of Mrs.Baroda's fellings toward Gouvernail, the author states, "but why she liked him she could not explain satisfactorily to herself when she partly attempted to do so" At what point do Mrs.Baroda's feelings toward Gouvernail change? what causes this change?
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Mrs. Baroda pictures Gouvernail as a tall, slim, cynical man and did not like the mental image, but when she meets the slim but neither tall nor cynical Gouvernail, she finds that she actually likes him.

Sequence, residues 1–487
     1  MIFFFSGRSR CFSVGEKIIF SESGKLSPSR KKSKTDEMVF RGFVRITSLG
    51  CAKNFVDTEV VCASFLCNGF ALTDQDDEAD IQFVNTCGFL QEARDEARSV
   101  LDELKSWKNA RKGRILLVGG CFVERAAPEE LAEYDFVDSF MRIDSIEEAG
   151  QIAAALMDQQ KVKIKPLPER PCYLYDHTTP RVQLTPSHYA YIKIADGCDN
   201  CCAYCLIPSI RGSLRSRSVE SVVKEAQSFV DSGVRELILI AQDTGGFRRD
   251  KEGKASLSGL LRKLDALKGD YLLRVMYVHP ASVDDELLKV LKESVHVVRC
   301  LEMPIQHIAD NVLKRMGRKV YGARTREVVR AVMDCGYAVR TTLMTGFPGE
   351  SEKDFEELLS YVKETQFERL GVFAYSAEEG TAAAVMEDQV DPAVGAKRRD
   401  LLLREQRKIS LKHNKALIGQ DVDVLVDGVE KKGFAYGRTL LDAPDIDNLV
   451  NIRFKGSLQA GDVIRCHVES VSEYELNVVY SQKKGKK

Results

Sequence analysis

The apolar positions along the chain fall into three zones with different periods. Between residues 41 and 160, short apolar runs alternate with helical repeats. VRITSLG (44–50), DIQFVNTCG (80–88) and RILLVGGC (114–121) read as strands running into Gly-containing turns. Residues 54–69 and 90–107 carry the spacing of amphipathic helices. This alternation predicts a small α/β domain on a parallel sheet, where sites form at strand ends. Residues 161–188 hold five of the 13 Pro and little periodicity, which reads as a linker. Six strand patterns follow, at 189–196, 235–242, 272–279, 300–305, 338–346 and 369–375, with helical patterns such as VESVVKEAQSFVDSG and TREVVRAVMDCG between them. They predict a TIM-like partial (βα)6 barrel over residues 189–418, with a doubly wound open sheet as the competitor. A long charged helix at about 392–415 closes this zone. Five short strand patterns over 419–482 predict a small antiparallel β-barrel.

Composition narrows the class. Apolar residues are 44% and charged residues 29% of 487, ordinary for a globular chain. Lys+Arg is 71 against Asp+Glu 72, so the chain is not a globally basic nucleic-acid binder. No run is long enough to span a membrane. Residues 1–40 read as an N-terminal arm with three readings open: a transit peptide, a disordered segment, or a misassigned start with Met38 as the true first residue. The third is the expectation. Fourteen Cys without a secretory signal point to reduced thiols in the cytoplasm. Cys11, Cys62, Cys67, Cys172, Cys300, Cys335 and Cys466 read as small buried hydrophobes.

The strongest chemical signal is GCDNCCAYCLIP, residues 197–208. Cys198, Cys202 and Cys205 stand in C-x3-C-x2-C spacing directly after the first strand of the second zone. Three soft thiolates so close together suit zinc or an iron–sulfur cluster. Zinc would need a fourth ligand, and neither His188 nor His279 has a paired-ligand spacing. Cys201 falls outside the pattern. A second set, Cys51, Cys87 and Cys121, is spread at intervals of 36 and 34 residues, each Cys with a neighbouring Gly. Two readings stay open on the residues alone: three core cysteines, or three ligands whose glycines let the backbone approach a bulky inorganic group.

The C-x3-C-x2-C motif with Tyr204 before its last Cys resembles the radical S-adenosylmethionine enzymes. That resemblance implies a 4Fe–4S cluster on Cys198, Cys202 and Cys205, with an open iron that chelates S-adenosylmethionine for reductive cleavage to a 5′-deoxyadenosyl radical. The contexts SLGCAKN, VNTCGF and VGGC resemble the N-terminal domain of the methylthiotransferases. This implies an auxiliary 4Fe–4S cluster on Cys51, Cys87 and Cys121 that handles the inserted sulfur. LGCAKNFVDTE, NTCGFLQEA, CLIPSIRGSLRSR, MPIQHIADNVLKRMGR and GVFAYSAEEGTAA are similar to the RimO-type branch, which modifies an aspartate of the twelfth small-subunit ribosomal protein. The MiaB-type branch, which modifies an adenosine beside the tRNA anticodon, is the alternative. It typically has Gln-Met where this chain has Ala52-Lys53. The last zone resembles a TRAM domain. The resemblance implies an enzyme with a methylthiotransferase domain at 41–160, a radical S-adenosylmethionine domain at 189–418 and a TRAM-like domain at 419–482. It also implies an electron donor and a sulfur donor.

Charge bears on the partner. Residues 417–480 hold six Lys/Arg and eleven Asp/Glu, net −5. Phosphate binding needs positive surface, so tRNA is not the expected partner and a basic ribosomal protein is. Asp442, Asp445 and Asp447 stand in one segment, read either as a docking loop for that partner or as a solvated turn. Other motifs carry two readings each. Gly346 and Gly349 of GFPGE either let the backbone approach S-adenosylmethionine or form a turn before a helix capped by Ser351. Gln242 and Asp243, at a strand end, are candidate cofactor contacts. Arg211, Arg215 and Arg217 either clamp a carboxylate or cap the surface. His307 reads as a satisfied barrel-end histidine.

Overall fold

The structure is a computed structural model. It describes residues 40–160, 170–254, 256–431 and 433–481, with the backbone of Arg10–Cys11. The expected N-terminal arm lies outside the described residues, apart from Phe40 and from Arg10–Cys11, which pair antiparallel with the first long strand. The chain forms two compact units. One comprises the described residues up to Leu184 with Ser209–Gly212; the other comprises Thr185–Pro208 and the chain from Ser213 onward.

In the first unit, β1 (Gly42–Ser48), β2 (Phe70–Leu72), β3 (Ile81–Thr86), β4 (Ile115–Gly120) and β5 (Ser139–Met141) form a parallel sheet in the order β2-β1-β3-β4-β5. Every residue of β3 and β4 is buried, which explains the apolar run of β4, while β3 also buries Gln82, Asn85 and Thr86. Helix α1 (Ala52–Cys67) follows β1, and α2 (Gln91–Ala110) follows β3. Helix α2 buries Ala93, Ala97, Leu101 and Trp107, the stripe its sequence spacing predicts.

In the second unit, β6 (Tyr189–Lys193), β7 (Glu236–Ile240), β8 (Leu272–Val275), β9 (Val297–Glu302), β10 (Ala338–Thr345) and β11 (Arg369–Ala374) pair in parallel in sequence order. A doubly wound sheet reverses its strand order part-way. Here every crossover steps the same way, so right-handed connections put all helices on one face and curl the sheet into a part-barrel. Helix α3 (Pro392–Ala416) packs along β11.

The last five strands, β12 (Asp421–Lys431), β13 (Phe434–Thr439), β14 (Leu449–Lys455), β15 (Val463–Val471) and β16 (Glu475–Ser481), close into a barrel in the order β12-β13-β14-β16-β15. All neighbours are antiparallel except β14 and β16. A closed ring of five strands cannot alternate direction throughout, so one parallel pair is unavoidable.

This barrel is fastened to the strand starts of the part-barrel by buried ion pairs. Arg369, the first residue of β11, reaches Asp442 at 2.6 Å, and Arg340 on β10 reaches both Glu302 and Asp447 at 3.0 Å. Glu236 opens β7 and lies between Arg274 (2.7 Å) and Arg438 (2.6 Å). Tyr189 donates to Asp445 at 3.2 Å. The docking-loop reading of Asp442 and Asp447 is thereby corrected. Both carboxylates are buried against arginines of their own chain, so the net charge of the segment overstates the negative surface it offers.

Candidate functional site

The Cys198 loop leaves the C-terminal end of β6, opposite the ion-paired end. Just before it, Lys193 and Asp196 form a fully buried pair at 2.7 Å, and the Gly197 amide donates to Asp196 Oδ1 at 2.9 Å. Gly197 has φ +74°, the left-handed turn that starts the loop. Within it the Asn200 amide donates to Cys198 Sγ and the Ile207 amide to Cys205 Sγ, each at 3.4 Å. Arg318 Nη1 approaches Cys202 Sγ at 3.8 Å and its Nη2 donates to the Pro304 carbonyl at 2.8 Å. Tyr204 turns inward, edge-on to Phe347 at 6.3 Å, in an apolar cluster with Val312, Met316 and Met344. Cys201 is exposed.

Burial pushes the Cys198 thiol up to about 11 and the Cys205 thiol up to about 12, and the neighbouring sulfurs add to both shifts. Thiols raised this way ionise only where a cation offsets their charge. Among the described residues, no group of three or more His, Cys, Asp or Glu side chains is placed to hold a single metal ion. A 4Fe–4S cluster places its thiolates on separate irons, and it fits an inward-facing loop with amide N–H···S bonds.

Mrs. Baroda cannot discern why she likes Gouvernail, since she does not see all of the positive traits described by Gaston. He does not seem brilliant, but he does seem quiet and courteous in response to her eagerness to welcome him and her husband's hospitality. He makes no particular attempt to impress her otherwise, and he enjoys sitting on the portico and listening to Gaston describe sugar planting, although he does not like to fish or hunt.